The existence of mental illnesses are fairly common among people around the world, affecting around 676 million people according to the World Health Organisation (WHO) in a study done in 2015.
As a general rule, anxiety disorders seem to be the most prevalent, followed by mood disorders, such as depression then substance use disorders. Women tend to suffer with mood and anxiety disorders, while men substance use.
Commonly though, mental illnesses occur in combination; e.g. people with anxiety often have depression and a depressed person can often self medicate with alcohol or other substances. This is often referred to as comorbidity, co-occurence or dual diagnosis.
People suffering with mental illnesses or mental health issues often receive no treatment or help of any form from professionals for issues such as depression, anxiety and substance use, but often receive treatment for more serious conditions like bipolar and schizophrenia this could be after it has caused great disruption to a suffers life over several years and in worse cases, following a hospitalisation after a psychotic episode of some form.
According to the WHO mental illness can be a major cause of disability worldwide. Mental illness ranks highly on the disease of burden scale (see chart below) up there with heart disease, cancers and musculoskeletal disorders. Disease of burden is the combined effect of premature death and years lived with disability caused by an illness.
Commonly mental health issues occur in adolescence or early adulthood, which can affect a persons education, progression into the adult workplace and forming important relationships in life. In addition to this, they increase the likelihood of substance misuse. This means that mental illness can cause disability and disruption across a persons lifespan, which highlights the importance of early intervention and effective support and/ or treatment.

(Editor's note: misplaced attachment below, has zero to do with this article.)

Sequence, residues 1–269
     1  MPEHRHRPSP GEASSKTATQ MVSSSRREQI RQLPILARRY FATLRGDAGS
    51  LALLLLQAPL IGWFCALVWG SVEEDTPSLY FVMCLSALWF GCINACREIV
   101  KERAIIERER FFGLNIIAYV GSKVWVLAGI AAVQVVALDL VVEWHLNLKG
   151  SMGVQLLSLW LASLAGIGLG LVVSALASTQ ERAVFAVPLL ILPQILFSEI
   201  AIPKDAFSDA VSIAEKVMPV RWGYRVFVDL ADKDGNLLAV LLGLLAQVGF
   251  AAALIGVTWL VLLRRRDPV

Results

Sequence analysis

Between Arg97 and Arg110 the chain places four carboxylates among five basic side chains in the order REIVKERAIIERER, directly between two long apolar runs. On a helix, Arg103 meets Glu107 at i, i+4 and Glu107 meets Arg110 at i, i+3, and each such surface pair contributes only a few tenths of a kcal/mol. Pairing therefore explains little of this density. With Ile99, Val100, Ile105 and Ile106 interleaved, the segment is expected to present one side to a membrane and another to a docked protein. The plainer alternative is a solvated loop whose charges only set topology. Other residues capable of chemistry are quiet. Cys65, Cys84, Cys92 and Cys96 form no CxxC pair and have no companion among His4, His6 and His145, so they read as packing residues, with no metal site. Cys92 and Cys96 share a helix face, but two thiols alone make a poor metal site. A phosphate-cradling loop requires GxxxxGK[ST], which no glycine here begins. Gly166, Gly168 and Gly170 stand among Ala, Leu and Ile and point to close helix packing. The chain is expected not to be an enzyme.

Mental illness often have a major impact on a persons life and can even lead to a premature death and medical experts rate them as a very disabling condition. Disabling is defined as the amount of disruption to a persons work, relationships and ability to look after oneself. The severity of disability during an episode of mental illness can be comparable to that of a physical condition.
In addition to this, because mental illness is not obvious or visible, there is often stigma surrounding it and additional suffering perpetuated by rejection from people in the sufferers life caused by a lack of understanding and a perception that a person is just being lazy, selfish, uncooperative or weak.
People struggling with mental illness can face unsurmountable difficulty and problems that exacerbate their conditions, often caused by the low levels of support, funding and understanding in society. It also severely affects ones ability to work and sufferers of mental illness often experience the lowest levels of employment among disabled people.
Episodes of mental illness can often be short-lived and are often triggered by a traumatic event in a persons life. People who continually have a mental health condition can often learn to live with it through lifestyle changes and making some adjustments in their life to work with the symptoms of their conditions.
Fundamentally the attitudes of the community and support from family, friends and coworkers should be the same towards someone with a mental health condition, as with a physical one, as often they can be as equally if not more debilitating, this can be achieved by raising mental health awareness, particularly in the workplace and through education in schools, where mental illness can have the greatest effect on a persons life.
Please remember if you’re struggling with anything please reach out to us support using the form below.